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I'm a high schooler (rising senior) writing a research paper on astronomy for the Siemens and Regeneron STS competitions coming up in the fall. My research advisor at my high school wants me to start my introduction very generally (basically almost wants me to write a review of modern astronomy) before diving specifically into my research, whereas every single other research paper I've seen (competition submission or one in my field) starts broad in the first sentence and gets specific immediately.

I'm not sure whose advice to follow. Besides their websites, I can't find much guidance or past successful papers for these competitions (only have found 2 total papers and an outdated ScienceBuddies blog post), so I'm reaching out to you guys. Should I start very general and slowly hone into my topic or should I focus on my specific the entire way through? Thanks!

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The introduction of a paper has many important tasks. It introduces the topic you will discuss, it gives an overview over the field, etc. One important point, that is sometimes forgotten when strictly following the formal rules, is that a good introduction should answer the readers question "Why should I care about this?". For this, you need to know your reader, you need to know who is your target audience. If you are writing for a broad audience, then it is good to first introduce the general setting, as proposed by your advisor. If, on the other hand, you are writing for a very specific audience of experts, they might get bored if you spend two pages telling them what they already know. Thus, step one should be to figure out who you are writing for. Once you have this figured out, ask yourself how you can motivate them to read your work, to be interested in your results. Do your results have some sort of impact on their life, on their work? If yes, this should be made clear in the introduction.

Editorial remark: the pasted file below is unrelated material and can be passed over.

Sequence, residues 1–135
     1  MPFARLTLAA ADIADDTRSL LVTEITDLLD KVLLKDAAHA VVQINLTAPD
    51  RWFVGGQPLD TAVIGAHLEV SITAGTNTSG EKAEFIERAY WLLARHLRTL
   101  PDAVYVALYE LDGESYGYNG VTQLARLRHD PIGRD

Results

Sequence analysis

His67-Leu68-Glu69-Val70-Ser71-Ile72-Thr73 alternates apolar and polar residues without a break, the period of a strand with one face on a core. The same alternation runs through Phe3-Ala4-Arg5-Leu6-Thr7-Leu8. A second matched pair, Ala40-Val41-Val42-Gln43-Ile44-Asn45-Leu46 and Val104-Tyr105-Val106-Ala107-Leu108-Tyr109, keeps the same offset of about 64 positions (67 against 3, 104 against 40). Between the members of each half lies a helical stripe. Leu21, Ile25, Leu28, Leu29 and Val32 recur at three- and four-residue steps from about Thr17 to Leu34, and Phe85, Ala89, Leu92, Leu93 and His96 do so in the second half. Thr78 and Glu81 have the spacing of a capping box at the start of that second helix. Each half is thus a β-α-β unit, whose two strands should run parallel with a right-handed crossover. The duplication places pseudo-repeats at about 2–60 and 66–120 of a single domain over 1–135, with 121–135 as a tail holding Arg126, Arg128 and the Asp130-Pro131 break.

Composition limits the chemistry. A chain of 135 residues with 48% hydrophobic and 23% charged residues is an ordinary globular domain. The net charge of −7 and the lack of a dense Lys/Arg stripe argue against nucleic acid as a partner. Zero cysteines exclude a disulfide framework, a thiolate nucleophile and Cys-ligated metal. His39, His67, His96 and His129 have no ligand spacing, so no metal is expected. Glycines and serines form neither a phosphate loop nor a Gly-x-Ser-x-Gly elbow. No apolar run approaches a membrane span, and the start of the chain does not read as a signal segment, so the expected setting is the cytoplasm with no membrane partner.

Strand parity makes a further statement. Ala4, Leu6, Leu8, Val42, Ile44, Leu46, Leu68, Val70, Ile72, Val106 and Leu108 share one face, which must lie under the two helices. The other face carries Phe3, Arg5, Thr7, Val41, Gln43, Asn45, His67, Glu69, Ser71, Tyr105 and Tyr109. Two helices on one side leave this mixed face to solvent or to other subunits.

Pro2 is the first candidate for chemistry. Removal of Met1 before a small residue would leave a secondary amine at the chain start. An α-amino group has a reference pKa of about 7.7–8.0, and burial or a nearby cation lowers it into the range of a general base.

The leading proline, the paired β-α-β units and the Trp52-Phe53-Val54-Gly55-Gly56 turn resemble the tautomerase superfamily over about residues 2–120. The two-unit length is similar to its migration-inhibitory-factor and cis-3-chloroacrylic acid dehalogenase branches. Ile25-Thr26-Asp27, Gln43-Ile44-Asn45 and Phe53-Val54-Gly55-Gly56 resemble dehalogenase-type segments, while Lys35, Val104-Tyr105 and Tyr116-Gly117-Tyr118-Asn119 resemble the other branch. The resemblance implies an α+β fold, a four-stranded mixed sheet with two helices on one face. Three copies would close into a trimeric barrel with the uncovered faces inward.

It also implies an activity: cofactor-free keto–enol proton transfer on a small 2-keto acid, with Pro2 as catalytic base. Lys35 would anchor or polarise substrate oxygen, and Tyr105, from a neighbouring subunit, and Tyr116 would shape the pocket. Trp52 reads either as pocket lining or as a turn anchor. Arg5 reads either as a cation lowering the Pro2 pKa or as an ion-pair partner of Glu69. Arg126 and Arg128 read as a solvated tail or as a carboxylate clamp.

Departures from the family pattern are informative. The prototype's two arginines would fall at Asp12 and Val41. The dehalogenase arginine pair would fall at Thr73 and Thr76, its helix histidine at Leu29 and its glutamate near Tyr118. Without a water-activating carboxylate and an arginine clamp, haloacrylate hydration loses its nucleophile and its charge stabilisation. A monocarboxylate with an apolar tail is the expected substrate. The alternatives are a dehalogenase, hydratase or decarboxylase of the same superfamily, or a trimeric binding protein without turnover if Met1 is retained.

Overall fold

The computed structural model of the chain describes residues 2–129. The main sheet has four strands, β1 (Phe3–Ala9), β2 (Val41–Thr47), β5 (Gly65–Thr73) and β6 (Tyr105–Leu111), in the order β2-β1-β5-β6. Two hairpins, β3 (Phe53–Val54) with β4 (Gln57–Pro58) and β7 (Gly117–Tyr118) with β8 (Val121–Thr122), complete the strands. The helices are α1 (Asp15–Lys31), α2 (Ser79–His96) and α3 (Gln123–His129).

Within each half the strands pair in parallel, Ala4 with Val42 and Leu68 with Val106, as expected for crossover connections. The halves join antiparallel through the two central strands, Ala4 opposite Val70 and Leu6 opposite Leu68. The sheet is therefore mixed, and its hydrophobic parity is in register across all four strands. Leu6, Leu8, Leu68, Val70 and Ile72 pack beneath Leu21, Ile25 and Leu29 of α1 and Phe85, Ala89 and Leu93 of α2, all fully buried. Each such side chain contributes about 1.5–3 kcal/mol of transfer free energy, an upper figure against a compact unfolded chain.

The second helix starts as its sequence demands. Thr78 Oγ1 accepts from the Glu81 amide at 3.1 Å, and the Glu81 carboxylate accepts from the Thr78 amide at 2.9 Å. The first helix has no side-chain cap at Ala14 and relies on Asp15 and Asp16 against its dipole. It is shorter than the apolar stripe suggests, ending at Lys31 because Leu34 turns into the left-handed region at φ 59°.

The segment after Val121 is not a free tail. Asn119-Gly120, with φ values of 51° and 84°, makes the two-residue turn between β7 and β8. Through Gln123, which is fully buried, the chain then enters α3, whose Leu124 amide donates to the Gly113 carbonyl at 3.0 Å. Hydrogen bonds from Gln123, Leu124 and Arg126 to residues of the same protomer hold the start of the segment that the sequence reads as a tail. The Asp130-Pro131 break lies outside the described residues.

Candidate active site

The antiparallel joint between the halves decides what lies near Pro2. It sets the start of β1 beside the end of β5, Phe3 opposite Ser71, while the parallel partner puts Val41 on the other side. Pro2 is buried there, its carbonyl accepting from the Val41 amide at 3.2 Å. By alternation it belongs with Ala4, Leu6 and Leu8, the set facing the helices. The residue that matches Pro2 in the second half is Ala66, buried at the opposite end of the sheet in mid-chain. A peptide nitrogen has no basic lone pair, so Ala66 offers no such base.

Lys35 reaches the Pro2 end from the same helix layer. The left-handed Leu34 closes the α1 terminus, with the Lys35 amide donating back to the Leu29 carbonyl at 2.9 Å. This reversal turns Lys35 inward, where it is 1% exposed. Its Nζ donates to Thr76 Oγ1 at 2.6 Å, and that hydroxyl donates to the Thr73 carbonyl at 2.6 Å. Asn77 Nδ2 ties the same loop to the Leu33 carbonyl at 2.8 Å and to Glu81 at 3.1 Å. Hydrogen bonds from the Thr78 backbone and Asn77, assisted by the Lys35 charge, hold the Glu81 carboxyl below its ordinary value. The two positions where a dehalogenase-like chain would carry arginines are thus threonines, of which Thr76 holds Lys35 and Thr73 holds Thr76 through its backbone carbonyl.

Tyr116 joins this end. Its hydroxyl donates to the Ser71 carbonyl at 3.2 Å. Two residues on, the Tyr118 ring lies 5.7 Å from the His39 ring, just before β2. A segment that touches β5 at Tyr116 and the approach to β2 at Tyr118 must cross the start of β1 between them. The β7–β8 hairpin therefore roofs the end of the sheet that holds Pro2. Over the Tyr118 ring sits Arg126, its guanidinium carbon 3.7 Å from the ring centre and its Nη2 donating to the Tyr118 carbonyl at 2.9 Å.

In short, a good introduction covers all needed points (overview of the field, content of the paper, etc.) and furthermore motivates the reader to keep reading. Note that this motivation is also influenced by your writing style, your language skills, etc.


edit: Regarding the question who is right, your instructor or the other authors: I googled STS and found the term "Society for Science & the Public", so it looks like it might be for a public audience. However, I'd advice you to look into it a little more before deciding, maybe also ask your advisor about it.

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